You have to get outside the box
Mark Galeotti has just written a piece with helpful suggestions to Washington on how it can be less surprised by what Russia does: "And, let's be honest, Washington has been caught by surprise again and again when Moscow is concerned". Indeed it has and, as I argued on this site, the US is by no means the first country to be surprised by Russia.
More human intelligence
More listening to the intel people.
All well and good, but let's home in on number 3 – the creativity part. Now one would assume that Galeotti would consider himself to be "creative" or at least believe he could recognize it when he saw it. But, what do we see in his piece? "[T]he seizure of Crimea"; "The answer was the simplest one - that Moscow was lying - but the period of uncertainty allowed Russia's special forces to seize the peninsula in a smooth fait accompli"; "We do not even know for sure exactly whose advice Putin takes"; "regime"; "like most authoritarian leaders he has over the time become more insulated from reality, more steeped in his own mythology, this is a different man, heading a different team, for a different national purpose"; " If one accepts Clapper's assertion that Putin is "kind of winging it, day to day"; "[Putin's] paranoiac and persecutionist world view". That's creative? No, it's the same old crap: Putin is inscrutable; except that we know he's a deluded, unstable, fantasy-prone, boat-rocker whose actions cannot be predicted but can be predicted to be bad. Everything he does is sui generis and has nothing to do with reality except when he rages against our exceptionalism.
Well, that's a recipe for a lot more surprises.
So let me, with some experience of the NATO intelligence world, make my suggestions to reduce surprise.
Start respecting Russia and, by extension, Putin and his team. Cut out the bunkum about gas stations masquerading as a countries, Russia doesn't make anything and other feel-good nonsense; stop with Putin's bad posture, Putin's just a thug, bare chest, height and all the rest of the childish epithets. And that includes all the fatuous prejudgments like "paranoiac and persecutionist world view". No wonder Washington is always surprised by someone it's written off as negligible.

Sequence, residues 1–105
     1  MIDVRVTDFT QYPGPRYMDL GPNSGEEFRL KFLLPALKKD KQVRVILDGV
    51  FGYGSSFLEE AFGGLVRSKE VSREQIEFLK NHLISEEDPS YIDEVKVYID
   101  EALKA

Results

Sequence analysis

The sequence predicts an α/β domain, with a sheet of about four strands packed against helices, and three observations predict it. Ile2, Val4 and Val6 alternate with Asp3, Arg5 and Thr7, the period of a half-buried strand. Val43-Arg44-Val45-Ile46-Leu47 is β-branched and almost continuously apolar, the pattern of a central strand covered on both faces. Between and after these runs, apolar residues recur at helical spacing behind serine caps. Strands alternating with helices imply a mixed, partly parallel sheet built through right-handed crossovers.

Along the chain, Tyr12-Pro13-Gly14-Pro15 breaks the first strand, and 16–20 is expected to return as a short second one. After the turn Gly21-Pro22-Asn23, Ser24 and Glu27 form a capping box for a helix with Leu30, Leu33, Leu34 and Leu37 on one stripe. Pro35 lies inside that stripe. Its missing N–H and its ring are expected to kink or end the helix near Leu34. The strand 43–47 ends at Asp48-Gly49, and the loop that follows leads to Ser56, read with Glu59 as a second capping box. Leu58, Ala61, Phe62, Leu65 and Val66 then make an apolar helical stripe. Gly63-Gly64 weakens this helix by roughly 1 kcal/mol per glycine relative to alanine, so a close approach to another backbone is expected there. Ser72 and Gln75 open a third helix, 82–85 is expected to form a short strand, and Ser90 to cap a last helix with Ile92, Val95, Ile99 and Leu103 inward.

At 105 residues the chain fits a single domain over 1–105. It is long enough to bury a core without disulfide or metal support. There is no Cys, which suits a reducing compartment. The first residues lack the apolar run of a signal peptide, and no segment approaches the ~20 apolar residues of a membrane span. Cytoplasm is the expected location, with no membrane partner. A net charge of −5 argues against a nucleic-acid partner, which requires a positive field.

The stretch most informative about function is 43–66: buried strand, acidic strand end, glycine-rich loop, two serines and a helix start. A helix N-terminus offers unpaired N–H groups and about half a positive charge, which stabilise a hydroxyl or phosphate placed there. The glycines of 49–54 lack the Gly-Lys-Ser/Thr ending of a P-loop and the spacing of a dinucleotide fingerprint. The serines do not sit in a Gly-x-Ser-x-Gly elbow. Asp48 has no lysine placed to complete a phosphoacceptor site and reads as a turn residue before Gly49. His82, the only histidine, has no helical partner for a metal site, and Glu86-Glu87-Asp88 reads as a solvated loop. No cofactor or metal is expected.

A little modesty wouldn't hurt. Maybe, just maybe, US actions in, say, the Middle East have not been a complete, 100%, unqualified success in every possible way. Maybe the "exceptional power" doesn't always get it completely and entirely right. I know that will be difficult, if not impossible, for the people running America to even begin to imagine, but it would be good – and a first baby step toward not-surprise – to at least imagine the possibility that there just might have been a different approach than the one taken.
But this is my really revolutionary suggestion and it is, from Galeotti's perspective and those he's talking to, truly creative. In fact it's so creative that it's obviously never occurred to anybody in Washington. And it's simply this. Putin talks a lot; he's always giving interviews and speeches and he holds lots of meetings in which he talks. Hundreds of thousands of his words are to be found on the Presidential website (Dear US Intelligence Community: since you probably can't find this amazing resource, I'll be happy – for a reasonable remuneration – to show you where it is). And, if you can't read Russian, they translate all this stuff into English. So, my creative advice is read what he says, think about it, compare it with what he's said before, watch what he does, see what he says about that and so on. You will be amazed how much you will learn about his intentions and actions.
My three little suggestions will do a lot more to reduce surprise than his four which amount to more of the same but with more money and more people.
But I know that I'm just amusing myself: Washington is far down the rabbit hole.